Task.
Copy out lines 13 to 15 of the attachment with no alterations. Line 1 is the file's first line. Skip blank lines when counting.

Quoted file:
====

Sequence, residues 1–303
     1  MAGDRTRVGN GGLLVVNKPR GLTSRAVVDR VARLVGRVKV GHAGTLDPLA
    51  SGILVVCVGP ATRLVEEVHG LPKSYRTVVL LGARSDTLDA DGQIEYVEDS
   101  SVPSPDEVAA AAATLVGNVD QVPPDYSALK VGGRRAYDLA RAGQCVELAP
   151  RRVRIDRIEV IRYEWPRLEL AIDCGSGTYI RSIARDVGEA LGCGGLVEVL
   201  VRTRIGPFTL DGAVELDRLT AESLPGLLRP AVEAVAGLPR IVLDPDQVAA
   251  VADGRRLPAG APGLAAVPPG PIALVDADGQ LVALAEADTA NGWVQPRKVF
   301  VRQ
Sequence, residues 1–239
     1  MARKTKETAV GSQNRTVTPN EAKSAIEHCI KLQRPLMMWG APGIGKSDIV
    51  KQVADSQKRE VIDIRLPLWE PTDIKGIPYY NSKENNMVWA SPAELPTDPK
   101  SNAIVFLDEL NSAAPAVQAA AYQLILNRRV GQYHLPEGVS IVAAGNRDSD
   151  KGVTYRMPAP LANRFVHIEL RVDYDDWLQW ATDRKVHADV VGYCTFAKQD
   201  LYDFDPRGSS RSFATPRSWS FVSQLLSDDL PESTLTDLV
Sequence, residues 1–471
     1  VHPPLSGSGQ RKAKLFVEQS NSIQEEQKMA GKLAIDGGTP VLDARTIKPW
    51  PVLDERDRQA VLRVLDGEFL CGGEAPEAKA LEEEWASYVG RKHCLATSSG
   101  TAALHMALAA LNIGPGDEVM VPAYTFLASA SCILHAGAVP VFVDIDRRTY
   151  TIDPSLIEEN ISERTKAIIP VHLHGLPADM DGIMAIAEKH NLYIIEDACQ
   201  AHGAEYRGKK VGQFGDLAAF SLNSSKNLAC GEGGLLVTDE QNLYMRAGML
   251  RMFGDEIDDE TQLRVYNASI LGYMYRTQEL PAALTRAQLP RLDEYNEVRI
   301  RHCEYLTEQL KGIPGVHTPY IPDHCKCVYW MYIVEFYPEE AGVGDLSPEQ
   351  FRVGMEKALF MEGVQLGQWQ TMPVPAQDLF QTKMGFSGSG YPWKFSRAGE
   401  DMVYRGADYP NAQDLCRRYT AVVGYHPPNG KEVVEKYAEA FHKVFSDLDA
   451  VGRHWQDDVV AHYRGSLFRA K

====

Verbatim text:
   151  KGVTYRMPAP LANRFVHIEL RVDYDDWLQW ATDRKVHADV VGYCTFAKQD
   201  LYDFDPRGSS RSFATPRSWS FVSQLLSDDL PESTLTDLV
Sequence, residues 1–471